Hoping that this would resolve itself, we did nothing to prepare for what was coming. Continue reading "How we got out of Thailand"...
I’ll wait to write a longer trip report until I get back to the states. We are currently on the island of Lanta and having a great time, all things considered. We were supposed to leave for home tonight, but Bangkok’s airport has not reopened and there are no signs it will do so for a while.
We are going to make our way to Singapore by way of Langkawi and then KL. Hopefully, we’ll he home by the 1st.
Safe, sound and a little stressed are we. United hasn’t been the best travel partner for us this trip, but the hotel, Layana, has been a second home.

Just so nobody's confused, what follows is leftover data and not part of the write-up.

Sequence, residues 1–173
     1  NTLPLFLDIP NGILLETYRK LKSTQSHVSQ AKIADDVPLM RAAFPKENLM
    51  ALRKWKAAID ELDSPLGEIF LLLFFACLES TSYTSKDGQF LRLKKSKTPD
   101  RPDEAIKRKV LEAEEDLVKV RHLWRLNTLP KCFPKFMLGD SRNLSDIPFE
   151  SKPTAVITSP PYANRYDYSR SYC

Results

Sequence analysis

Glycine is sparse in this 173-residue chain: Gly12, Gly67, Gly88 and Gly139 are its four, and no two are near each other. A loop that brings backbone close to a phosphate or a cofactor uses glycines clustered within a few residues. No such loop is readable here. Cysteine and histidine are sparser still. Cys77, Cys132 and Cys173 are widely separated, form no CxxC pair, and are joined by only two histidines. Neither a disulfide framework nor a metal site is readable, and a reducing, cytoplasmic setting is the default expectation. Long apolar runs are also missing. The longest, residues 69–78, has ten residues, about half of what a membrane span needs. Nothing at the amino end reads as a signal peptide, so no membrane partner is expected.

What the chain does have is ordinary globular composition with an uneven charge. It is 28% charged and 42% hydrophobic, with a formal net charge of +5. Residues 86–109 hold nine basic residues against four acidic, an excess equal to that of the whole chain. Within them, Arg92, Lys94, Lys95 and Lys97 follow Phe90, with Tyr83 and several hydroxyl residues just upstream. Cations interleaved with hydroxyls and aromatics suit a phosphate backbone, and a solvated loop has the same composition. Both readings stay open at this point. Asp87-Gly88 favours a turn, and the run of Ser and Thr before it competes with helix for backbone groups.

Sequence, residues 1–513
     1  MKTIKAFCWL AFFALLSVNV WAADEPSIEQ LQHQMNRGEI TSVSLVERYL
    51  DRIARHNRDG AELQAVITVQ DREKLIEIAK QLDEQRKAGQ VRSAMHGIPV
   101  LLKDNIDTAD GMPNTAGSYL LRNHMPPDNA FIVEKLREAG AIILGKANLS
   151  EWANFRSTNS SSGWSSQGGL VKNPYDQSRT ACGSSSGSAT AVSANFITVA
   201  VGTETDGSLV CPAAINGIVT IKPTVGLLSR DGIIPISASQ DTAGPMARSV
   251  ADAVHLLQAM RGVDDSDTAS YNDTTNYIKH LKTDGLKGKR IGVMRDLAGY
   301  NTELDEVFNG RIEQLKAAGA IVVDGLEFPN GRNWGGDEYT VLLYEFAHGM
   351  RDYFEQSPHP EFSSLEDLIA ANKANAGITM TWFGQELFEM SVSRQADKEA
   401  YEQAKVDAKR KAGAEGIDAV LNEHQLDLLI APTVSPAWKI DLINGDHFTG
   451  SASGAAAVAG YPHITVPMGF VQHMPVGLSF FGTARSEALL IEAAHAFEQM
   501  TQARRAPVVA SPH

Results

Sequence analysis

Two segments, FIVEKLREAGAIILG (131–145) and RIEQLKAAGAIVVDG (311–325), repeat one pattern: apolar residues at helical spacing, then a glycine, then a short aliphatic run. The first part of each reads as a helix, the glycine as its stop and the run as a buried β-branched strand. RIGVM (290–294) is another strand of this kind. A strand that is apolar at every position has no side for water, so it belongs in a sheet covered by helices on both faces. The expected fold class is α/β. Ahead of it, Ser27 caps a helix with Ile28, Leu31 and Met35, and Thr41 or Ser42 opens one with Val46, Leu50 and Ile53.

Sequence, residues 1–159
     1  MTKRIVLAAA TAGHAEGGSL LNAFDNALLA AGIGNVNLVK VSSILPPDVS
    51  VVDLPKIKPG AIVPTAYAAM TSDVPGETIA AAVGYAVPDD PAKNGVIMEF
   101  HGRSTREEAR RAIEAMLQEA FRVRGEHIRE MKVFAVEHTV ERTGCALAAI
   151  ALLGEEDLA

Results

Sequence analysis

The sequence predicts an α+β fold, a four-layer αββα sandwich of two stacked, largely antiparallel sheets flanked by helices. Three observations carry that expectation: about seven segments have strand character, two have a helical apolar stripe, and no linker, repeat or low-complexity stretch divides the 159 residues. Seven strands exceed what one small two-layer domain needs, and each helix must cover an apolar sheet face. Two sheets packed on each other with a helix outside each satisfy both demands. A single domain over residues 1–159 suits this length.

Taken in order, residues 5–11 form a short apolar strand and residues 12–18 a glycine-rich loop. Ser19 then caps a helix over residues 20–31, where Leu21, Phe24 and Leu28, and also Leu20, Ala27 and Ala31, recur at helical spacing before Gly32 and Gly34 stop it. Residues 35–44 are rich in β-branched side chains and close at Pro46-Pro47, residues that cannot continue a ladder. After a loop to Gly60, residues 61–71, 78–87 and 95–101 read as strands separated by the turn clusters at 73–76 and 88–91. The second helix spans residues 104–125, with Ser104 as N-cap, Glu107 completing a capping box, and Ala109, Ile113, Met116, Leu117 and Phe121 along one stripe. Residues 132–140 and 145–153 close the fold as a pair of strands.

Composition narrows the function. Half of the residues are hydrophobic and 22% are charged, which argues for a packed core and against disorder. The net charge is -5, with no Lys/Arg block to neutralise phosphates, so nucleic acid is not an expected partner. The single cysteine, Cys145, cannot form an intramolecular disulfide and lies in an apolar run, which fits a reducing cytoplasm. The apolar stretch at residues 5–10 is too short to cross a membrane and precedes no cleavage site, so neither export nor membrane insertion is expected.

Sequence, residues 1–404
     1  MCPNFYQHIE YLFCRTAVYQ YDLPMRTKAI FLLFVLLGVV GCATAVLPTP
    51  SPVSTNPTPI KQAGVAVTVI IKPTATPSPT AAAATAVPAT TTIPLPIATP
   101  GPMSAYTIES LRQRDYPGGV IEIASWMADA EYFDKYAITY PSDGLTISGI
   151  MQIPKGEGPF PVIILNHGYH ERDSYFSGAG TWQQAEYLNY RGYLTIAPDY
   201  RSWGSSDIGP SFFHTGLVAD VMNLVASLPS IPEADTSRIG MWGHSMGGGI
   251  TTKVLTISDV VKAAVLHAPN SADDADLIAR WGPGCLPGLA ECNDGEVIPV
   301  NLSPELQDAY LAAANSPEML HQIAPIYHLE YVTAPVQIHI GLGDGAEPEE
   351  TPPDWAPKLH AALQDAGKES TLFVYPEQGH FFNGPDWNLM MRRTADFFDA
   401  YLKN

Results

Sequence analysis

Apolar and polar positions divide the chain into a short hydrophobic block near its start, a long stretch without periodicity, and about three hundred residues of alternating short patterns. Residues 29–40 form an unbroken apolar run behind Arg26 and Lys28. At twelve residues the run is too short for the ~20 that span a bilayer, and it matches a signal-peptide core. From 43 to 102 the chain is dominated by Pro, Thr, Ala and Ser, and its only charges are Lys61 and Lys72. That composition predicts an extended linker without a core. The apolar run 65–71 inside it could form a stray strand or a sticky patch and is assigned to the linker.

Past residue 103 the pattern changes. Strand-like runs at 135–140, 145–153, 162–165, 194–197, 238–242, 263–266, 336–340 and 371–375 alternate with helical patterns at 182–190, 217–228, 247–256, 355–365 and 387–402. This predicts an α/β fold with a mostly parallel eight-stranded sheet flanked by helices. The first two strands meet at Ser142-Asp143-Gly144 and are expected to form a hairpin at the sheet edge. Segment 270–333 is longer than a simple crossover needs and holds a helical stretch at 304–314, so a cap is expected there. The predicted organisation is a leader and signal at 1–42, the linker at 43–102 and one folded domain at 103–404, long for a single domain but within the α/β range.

Finally, to those of you with family in Bangkok or Mumbai I hope they are safe and out if harms way.
I have a lot to be thankful for today as I am sure you have as well.
[Some friends from Approva where in town from Pune, India. They had read my trip report on our company trip to the beach in Dapoli and found it hilarious. They implored me to post it up on tuesday night.]
Day 1 – A Good Start
After Shamshu (or Uncle as he is known in the office) picked me up at oh-dark-thirty, we headed to the office. There in watching everyone try and get organized, I introduced him to the expression “herding cats.” I knew I was in for a good time when I noticed dried vomit festooned on the side of the bus. Shortly after, Shamshu asked, with a slight malevolent grin, “Do you get the motion sickness?” I do, Shamshu, I do indeed, but I had prepared for such a situation by doping up appropriately.